the case with Dr. Angyal’s “Science and Human Values” class. While the scarring on my
finger caused by the glass tubing was immediately visible, the carvings on my foundational
views of knowledge and learning have only recently been evident as I have read for the
first time (again, I was focused on pizza and girls in 1982) or revisited the selections that
Angyal assigned us all those years ago.
What I learned was that any walls between the disciplines in general, and the
sciences and humanities in particular, are man-made, unnecessary, inconsistent with the
physiology of the brain, and destructive to true learning. The world, as Richard Tarnus
suggested,
is in some essential sense a construct. Human knowledge is radically interpretive.
There are no perspective-independent facts. Every act of perception and cognition
is contingent, mediated, situated, contextual, theory-soaked. Human language
cannot establish its ground in an independent reality. Meaning is rendered by the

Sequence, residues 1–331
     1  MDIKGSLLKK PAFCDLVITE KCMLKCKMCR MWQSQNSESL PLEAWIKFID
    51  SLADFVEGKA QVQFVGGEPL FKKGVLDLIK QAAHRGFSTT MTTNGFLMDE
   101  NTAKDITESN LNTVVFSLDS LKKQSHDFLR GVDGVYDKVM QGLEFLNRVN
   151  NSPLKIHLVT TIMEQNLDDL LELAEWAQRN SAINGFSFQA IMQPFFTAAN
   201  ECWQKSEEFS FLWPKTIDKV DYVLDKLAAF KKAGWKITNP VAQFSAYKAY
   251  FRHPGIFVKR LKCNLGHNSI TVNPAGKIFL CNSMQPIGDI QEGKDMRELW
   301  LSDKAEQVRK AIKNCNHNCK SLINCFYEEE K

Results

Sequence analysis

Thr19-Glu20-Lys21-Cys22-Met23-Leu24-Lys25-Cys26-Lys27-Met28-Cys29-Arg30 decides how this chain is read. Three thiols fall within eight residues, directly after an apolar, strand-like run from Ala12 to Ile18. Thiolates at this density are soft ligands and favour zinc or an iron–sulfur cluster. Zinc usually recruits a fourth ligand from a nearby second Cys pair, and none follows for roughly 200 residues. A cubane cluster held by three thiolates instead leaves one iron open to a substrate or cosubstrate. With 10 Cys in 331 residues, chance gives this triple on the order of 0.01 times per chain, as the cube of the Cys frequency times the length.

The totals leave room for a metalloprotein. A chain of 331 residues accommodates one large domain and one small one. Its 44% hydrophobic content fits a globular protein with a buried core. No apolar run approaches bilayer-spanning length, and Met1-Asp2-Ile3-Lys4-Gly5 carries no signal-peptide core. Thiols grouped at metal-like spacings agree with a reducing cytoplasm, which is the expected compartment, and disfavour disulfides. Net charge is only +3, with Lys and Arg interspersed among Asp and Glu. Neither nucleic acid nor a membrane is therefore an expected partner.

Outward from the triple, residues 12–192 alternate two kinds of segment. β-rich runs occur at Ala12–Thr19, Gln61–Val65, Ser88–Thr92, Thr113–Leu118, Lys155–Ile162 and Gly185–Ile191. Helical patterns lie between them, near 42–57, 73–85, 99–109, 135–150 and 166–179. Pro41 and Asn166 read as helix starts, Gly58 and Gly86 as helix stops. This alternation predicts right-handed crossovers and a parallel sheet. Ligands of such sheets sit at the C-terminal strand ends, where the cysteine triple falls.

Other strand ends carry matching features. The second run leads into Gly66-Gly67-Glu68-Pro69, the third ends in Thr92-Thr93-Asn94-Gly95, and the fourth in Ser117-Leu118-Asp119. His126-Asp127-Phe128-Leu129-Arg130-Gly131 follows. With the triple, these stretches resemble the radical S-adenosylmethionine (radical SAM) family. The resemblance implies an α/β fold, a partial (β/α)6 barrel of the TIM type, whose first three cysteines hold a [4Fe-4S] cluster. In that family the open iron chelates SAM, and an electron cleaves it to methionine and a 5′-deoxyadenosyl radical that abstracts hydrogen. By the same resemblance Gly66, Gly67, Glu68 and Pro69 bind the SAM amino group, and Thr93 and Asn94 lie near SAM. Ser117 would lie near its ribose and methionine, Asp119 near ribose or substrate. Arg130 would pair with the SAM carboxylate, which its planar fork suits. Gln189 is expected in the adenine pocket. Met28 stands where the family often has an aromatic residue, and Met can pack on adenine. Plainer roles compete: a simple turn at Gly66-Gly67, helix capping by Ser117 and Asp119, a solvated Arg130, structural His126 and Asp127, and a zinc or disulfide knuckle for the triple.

mind and cannot be assumed to inhere in the object, in the world beyond the mind,
for that world can never be contacted without having already been saturated by the
mind’s own nature. That world cannot be justifiably postulated. Radical uncertainty
prevails, for in the end what one knows and experiences is to an indeterminate
extent a projection (Tarnus, 1991, pp. 418-419).
The exact beginning of the intellectual divide between the holistic intellectual
paradigms of the East and the segmented Western approach to knowledge lies still
undiscovered on “lost beaches whose sands have long since hardened into stone” (Eiseley,
1971, p. 56). Such primal categorization of thought has origins in nearly all fields of
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